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Review: OTHELLO, National Theatre

Review: OTHELLO, National Theatre

Clint Dyer's history-making production runs until 21 January

Review: OTHELLO, National Theatre

Clint Dyer's Othello begins with a bold theatrical prelude. As the audience enter, the stage is washed in a collage of posters from past productions of Othello. Look closely and you'll see some famous faces; Olivier, Hopkins. Look closer and you'll see the racist history of blackface that is part and parcel of the play's performance history.

An actor soon emerges with a broom to sweep the stage, but this history cannot be swept under the rug. Instead, Dyer is asking us to acknowledge the uncomfortable problems that are woven into the play's past. As deputy artistic director of The National Theatre, Dyer is the first black man to direct a production of Othello at the National.

His directorial focus is forensic, magnifying the psychodrama at the heart of Shakespeare's play and turning Othello's cognitive turmoil inside out with surgical precision. At its core it becomes the story of a black man driven to the limits by a hostile and racist world.

Dyer introduces a vast interplay of ideas and imagery. Militarism lingers throughout: Othello's world may be abstracted, but it is grounded in real life thanks to quoting from fascist aesthetics. The cast patter up and down a neo-classical cascade of stairs that could have been designed by Albert Speer; Paul Hilton's beguiling Iago and his lackies are dressed in literal black shirts. If that wasn't enough, Iago bears more than a passing resemblance to Oswald Mosley. He even gesticulates with the same animated ferocity of a certain other moustachioed fascist.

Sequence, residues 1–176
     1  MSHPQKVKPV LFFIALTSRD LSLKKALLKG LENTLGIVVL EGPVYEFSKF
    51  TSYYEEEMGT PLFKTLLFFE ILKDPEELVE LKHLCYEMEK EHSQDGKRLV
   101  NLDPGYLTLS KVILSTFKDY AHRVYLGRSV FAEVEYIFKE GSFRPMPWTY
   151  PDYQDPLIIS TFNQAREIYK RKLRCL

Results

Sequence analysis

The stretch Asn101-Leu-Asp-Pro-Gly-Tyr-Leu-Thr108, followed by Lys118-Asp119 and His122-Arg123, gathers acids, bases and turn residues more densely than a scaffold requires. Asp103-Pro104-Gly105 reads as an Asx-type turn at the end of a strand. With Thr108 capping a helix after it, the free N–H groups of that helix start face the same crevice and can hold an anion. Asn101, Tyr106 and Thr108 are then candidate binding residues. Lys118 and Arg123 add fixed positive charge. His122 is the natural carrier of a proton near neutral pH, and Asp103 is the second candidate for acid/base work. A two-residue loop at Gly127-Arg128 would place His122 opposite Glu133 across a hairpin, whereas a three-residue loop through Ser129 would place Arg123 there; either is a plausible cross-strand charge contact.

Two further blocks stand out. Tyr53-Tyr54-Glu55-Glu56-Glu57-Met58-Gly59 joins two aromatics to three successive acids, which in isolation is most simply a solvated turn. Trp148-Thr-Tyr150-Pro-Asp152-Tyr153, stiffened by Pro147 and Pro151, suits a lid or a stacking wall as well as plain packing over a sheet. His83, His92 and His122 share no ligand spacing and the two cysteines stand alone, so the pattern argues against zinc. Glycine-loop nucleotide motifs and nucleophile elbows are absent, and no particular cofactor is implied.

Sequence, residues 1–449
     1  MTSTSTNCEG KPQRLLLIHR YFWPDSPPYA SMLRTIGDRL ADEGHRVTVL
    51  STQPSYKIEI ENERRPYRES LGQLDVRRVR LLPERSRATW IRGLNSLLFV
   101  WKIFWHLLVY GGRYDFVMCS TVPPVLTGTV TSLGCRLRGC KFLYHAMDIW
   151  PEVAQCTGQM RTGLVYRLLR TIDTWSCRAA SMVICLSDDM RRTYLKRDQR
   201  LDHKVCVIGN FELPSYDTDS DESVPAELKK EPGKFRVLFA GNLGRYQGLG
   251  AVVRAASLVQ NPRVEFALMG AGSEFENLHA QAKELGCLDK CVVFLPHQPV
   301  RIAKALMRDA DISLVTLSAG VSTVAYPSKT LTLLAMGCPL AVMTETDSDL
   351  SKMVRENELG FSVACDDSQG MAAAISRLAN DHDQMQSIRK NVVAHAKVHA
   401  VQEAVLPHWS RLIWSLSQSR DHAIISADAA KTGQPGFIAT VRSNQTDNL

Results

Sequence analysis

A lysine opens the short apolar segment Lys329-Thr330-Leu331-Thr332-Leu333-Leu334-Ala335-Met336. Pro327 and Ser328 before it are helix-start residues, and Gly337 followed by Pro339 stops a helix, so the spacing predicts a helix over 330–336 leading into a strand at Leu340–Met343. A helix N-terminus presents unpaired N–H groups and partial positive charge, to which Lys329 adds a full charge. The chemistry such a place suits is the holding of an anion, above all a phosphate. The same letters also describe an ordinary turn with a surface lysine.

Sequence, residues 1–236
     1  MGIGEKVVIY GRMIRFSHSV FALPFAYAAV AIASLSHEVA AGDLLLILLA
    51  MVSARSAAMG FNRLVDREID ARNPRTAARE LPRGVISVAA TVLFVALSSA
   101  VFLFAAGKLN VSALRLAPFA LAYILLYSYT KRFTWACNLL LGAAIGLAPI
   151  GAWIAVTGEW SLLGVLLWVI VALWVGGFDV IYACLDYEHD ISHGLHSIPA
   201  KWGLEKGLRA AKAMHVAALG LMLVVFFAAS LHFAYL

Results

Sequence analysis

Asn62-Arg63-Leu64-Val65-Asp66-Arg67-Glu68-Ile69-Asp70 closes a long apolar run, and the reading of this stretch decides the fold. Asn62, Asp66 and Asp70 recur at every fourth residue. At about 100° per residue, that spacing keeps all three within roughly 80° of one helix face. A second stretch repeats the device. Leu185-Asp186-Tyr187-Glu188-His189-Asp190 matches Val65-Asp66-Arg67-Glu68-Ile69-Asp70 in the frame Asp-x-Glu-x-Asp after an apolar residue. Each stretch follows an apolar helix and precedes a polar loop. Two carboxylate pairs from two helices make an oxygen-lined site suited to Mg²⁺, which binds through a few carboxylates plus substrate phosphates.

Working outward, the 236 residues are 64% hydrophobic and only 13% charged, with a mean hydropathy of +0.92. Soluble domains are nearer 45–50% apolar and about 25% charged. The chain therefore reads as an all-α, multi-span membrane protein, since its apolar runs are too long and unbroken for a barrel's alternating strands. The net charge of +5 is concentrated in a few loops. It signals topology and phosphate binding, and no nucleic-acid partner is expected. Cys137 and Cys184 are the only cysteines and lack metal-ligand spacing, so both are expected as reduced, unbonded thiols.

Hilton almost sings the rhythm in Iago's monologues, relishing each slimy syllable. They are performed directly to a chorus (referred to in the programme as "the system"). They cheer, applaud, and raise clenched fists in tightly choreographed bursts of staccato movement. The stage effectively becomes a stadium rally, an echo chamber, an orchestra of racial hatred with Iago as conductor and Othello in the crosshairs.

From the moment where he muscles onto the stage, Giles Terera's Othello has a warrior's concretene physicality. His presence is daunting, happy to exhibit his dexterity with a training stick and throw a few strikes at a punching bag. Jealously induces a physical as well as a mental metamorphosis, the warrior's composure is reduced to jittery psychosis. There is a painful resonance to this: BAME communities are at higher risk of developing mental health problems in adulthood than any other ethnic group in the UK.

Dyer never loses sight of Othello as a political thriller. A frenetic pace keeps the production punchy and aerodynamic. Chloe Lamford's storeyed set enables cinematic power dynamics to blossom between performers whilst sound designers, Pete Malkin and Benjamin Grant and co-composer Sola Akingbola weave a subtle but menacing sonorous aural tapestry bubbiling beneath the intrigue.

The resulting frosty gloom stifles any sense of warmth between Othello and Rosy McEwen's defiant yet often clinical Desdemona. But this is not a romantic Othello. Here he is a victim through and through.

Othello plays at The National Theatre until 21 January

Photo Credit: Myah Jeffers

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